Using data from the 1995 Israeli Census of Population, this study examines the demographic, human capital, and labour force characteristics of the Ethiopian community in Israel and its determinants of employment. The results provide strong evidence for the overall disadvantaged socio-economic status of the Ethiopian community and reveal substantial gaps in educational and occupational attainment between Ethiopian Israelis and members of other ethnic groups in Israeli society. Ethiopian Israelis have substantially lower levels of education, lower employment rates, and are more likely to have low-skilled occupations. However, multivariate analyses show that the determinants of employment of Ethiopian Israelis are relatively similar to those of other ethnic groups. Education and veteran status are found to be especially important factors associated with increased odds of employment. Although the rates of return from education are lower among Israelis of Ethiopian origin compared to other ethnic groups, this study suggests that education constitutes the major avenue for upward mobility in the Ethiopian community. Nevertheless, considering their current disadvantaged position, the question of whether Ethiopian immigrants will manage in the long run to climb up the socio-economic ladder and significantly improve their status, or whether they run the risk of becoming a marginalized ethnic group in Israeli society, remains a major concern. Implications for the formation of a new cleavage in Israeli society and the emergence of a stratification system based on race are discussed.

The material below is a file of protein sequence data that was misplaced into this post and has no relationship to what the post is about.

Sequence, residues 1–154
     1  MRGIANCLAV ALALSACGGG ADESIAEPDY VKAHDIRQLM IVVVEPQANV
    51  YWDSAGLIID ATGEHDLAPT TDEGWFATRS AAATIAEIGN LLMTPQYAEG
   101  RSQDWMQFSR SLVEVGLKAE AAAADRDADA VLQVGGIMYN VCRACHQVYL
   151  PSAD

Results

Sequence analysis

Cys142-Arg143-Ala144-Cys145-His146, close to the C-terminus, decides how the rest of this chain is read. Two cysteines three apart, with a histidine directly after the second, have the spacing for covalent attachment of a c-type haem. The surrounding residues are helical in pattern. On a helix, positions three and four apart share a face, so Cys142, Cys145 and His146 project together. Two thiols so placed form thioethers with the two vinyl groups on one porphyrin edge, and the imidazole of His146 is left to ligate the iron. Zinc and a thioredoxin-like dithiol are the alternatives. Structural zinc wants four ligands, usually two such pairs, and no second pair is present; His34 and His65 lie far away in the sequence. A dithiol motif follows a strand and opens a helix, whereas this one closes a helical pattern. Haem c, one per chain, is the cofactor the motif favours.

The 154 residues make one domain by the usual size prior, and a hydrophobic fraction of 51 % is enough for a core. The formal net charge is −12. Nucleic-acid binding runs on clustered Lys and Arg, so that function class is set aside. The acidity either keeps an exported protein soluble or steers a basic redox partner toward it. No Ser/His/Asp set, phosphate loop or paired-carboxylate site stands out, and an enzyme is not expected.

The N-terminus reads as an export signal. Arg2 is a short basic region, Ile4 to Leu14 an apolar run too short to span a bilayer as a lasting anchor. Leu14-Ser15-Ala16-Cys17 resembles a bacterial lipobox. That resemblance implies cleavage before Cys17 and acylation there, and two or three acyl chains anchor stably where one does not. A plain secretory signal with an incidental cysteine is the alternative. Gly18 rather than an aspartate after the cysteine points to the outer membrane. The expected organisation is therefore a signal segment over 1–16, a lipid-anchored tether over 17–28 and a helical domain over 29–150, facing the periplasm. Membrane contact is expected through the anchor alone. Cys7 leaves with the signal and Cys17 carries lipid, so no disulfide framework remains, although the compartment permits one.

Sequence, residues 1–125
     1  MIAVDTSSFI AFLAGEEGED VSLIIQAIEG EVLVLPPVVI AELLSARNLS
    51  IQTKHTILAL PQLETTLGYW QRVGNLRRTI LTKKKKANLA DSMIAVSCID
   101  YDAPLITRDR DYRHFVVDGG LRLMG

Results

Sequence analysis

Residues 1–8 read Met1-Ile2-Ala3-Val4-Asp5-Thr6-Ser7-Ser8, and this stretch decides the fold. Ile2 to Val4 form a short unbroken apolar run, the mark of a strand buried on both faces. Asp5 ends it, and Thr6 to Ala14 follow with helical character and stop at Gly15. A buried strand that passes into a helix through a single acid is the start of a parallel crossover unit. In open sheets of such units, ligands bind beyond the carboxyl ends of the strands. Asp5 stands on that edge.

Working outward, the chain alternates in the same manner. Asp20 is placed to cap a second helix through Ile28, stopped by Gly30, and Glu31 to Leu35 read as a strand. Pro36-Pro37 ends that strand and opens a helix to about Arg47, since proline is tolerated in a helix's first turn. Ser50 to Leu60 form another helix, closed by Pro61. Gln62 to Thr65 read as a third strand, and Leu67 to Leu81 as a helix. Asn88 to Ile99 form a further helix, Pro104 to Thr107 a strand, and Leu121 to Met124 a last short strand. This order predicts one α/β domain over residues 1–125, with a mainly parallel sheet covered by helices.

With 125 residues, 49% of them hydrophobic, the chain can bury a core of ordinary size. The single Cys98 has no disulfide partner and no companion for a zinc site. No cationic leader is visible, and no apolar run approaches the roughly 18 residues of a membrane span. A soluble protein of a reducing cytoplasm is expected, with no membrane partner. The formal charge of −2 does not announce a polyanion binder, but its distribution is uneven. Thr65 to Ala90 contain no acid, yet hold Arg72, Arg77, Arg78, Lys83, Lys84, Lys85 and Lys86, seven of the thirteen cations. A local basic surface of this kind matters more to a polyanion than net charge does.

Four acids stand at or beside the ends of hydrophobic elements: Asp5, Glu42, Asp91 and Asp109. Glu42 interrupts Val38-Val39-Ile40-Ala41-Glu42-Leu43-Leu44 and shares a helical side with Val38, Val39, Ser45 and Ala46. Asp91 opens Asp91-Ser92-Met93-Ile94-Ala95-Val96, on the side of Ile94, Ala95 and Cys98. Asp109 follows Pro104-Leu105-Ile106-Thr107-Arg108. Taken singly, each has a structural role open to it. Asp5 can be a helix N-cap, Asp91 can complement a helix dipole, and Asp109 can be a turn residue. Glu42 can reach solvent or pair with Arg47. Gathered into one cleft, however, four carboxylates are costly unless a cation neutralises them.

|Date of Award||2000|
|Original language||American English|
|Supervisor||Alisa Lewin (Supervisor)|